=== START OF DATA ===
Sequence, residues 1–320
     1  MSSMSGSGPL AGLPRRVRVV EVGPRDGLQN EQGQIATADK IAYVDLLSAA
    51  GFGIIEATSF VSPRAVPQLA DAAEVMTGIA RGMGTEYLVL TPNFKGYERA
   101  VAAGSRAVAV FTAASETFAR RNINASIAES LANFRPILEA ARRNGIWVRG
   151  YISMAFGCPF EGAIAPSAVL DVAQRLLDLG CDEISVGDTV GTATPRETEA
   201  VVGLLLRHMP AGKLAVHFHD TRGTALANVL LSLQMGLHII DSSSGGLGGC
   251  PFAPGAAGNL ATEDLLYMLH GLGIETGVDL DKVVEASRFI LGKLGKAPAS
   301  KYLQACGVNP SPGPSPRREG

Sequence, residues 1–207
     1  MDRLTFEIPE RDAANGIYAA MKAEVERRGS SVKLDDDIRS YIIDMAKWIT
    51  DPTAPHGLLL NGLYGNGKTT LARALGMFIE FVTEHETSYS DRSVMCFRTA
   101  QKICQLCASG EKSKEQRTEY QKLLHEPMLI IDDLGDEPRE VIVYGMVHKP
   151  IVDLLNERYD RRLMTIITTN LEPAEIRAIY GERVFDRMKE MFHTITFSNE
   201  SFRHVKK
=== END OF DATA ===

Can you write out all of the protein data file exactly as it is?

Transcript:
Sequence, residues 1–320
     1  MSSMSGSGPL AGLPRRVRVV EVGPRDGLQN EQGQIATADK IAYVDLLSAA
    51  GFGIIEATSF VSPRAVPQLA DAAEVMTGIA RGMGTEYLVL TPNFKGYERA
   101  VAAGSRAVAV FTAASETFAR RNINASIAES LANFRPILEA ARRNGIWVRG
   151  YISMAFGCPF EGAIAPSAVL DVAQRLLDLG CDEISVGDTV GTATPRETEA
   201  VVGLLLRHMP AGKLAVHFHD TRGTALANVL LSLQMGLHII DSSSGGLGGC
   251  PFAPGAAGNL ATEDLLYMLH GLGIETGVDL DKVVEASRFI LGKLGKAPAS
   301  KYLQACGVNP SPGPSPRREG

Sequence, residues 1–207
     1  MDRLTFEIPE RDAANGIYAA MKAEVERRGS SVKLDDDIRS YIIDMAKWIT
    51  DPTAPHGLLL NGLYGNGKTT LARALGMFIE FVTEHETSYS DRSVMCFRTA
   101  QKICQLCASG EKSKEQRTEY QKLLHEPMLI IDDLGDEPRE VIVYGMVHKP
   151  IVDLLNERYD RRLMTIITTN LEPAEIRAIY GERVFDRMKE MFHTITFSNE
   201  SFRHVKK